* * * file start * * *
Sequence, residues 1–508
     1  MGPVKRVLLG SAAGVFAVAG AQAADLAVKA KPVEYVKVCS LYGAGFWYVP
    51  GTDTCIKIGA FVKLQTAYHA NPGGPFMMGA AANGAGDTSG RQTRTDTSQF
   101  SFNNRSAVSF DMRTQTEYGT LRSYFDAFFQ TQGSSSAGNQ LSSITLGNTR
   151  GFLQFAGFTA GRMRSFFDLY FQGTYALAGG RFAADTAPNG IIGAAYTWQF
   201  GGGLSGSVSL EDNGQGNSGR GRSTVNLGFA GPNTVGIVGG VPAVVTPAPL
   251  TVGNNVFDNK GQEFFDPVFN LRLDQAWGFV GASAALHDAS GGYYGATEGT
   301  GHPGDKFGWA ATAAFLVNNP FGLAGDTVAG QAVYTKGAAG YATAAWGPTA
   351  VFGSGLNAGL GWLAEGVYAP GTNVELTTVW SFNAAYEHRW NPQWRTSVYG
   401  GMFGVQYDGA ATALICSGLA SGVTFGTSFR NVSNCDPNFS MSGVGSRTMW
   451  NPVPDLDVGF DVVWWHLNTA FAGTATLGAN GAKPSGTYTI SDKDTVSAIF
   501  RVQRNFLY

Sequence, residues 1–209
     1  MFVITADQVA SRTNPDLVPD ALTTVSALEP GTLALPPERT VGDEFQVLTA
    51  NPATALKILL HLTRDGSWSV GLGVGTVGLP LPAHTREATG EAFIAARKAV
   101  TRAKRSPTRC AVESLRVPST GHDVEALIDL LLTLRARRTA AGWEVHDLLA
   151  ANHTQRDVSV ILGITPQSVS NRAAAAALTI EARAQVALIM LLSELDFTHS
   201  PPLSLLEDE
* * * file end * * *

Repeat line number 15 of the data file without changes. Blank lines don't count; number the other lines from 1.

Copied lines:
    51  NPATALKILL HLTRDGSWSV GLGVGTVGLP LPAHTREATG EAFIAARKAV